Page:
Bringing Your Cat Indoors

“There are so many benefits to bringing your cat indoors, not only for your cat but for the wildlife with whom we share our world.”

—Cheryl Falkenburry, Animal Behavior Consultant and Author

On average, free-roaming outdoor cats live significantly shorter lives than their indoor-only counterparts. And, as our webpage The Case for Indoor Cats explains, the effects of outdoor, free-ranging cats (both owned and unowned) on wildlife, on the environment, and on public health, are severe. The American Veterinary Medical Association (AVMA) recommends that veterinarians educate clients about the risks associated with allowing cats unrestricted access to the outdoors.

Making the Transition

It can be challenging to transition a free-roaming outdoor cat to an indoor-only lifestyle, but with patience, diligence, and enrichment, a successful transition is possible.

There are abundant resources available to help. The Humane Society of the United States has a webpage with useful tips that provides a great place to start: Home Sweet Home: How to bring an outside cat indoors.

The Wildlife Center of Virginia has collaborated with Animal Behavior Consultant Cheryl Falkenburry to compile the following step-by-step guide with resources that will help address your cat’s needs through the transition.

Step 1: Setting the Stage

Preparing your home for a successful transition means establishing three important locations for your cat:

Places to Climb and Hide

Cats usually fall into two categories: Tree-dwellers or bush-dwellers.

Tree-dweller cats like to climb. These are the cats who will knock knickknacks off of shelves and bookcases in an attempt to get a high vantage point of the room. A tall cat tree can help satisfy these tree-dwelling cats.

Bush-dweller cats like cozy places to hide down low. Many cat trees have little hiding places in them that cats enjoy.

Consider making a cozy area under an end table or in a box in a corner of the room to help keep these cats happy.

There are a multitude of cat trees for climbing and hiding available on the market to fit your décor or you can get creative and cut holes in old furniture and shelving units to create unique climbing and hiding areas. You can keep it simple or get creative when developing spaces to entice your cat to enjoy the indoors.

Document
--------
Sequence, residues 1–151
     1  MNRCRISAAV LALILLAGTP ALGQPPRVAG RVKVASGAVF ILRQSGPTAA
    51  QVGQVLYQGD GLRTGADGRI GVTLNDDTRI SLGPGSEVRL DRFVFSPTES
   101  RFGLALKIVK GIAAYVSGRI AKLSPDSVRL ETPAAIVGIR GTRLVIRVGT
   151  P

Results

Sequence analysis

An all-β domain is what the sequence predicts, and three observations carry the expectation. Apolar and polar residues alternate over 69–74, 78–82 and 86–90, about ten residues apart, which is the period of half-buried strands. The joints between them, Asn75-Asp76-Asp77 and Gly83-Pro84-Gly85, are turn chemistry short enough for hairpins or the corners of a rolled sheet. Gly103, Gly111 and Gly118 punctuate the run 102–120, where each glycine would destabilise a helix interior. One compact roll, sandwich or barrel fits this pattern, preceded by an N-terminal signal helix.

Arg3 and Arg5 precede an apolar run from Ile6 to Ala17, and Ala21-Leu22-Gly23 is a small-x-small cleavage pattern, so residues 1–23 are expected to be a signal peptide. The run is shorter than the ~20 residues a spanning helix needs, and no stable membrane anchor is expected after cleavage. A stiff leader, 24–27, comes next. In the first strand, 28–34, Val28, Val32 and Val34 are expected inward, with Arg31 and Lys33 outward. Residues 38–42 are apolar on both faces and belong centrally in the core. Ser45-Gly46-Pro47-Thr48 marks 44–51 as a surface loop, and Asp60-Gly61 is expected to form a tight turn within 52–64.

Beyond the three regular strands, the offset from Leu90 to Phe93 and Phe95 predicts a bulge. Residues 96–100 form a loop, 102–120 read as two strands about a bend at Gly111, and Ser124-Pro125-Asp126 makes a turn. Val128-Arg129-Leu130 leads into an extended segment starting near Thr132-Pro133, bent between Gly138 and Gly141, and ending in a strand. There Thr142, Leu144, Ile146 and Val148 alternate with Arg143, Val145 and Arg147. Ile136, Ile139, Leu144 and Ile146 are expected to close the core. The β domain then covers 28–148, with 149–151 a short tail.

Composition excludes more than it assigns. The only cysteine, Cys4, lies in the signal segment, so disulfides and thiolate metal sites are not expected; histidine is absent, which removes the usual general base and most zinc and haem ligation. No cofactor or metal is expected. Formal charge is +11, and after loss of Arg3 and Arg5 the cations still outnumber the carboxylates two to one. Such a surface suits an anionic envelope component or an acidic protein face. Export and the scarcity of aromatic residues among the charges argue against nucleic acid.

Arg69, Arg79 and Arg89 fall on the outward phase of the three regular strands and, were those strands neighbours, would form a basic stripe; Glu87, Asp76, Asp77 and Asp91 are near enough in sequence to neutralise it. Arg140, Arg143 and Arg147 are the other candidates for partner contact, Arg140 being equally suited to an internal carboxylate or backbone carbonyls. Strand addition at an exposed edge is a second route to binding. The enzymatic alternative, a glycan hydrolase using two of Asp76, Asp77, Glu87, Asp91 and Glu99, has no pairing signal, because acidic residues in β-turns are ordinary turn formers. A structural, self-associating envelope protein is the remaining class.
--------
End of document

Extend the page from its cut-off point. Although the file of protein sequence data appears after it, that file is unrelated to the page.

Places to Scratch

Scratching posts give cats an area to exercise their claws, stretch their muscles, and mark their territory. Cats will instinctively stretch and claw. They need to scratch on rough surfaces to shed the outer sheath and sharpen their nails. When you provide an enticing rough surface like a post wrapped in sisal rope, you can help reduce a cat’s desire to use your oriental carpet and antique chair as a cat scratch.

The cat trees for climbing also provide places to scratch. It is a good idea to have different scratching areas placed around the house: tall ones, short ones, ones that lie on the ground, ones that hang from a doorknob -- they come in all shapes and sizes. 
Still having trouble?  Explore troubleshooting tips for scratching problems.

Places to Eliminate

It is important to have more than one cat box even if you only have one cat. If you have multiple cats you should have one more cat box than cats, i.e., three cats = a minimum of four litter boxes. Cats can have a preference for the location of the box, the type of box, and the type of litter used in the box. It can take a little experimenting to find out what your cat likes best, so it is best to start with a variety.

Type of Litter Box:  The varieties of cat boxes can be a little overwhelming for first time shoppers, but there is a reason for that. Cats who are worried about a member of the household sneaking up on them while they are doing their business may prefer an open cat box that allows escape from all angles. Other cats like a cozy enclosure. Some cats may prefer a litter box that allows them to see who is coming but still provides a safe enclosure. Ideally, if you can get one of each and place them in different locations, you will be able to find out which type of box your cat prefers. At first, avoid the automatic cleaning cat boxes. They make noise that can often scare a cat and ruin litter box training. Set your cat up for success. In that vein, also keep in mind that litter and location have a lot to do with successful litter box use.

Type of Litter:  A variety of litter for the cat box can also be found. It can be confusing to know which one will be best for your cat. The least amount of dust that is created when your cat scratches at the litter is best for their health. Clay litters can be very dusty with added chemicals and scents and are often heavy, especially when they get wet. Keep in mind that you are bringing a cat in from the outdoors, where the cat has been using natural substrates to go to the bathroom -- so try to find litter that is as natural as possible that will mimic what your cat is used to outside. They are also better for the environment when you are disposing of them. Natural litters come in corn, wheat, pine, and even walnut varieties. Try different types until you find one that your cat likes and that fits your budget.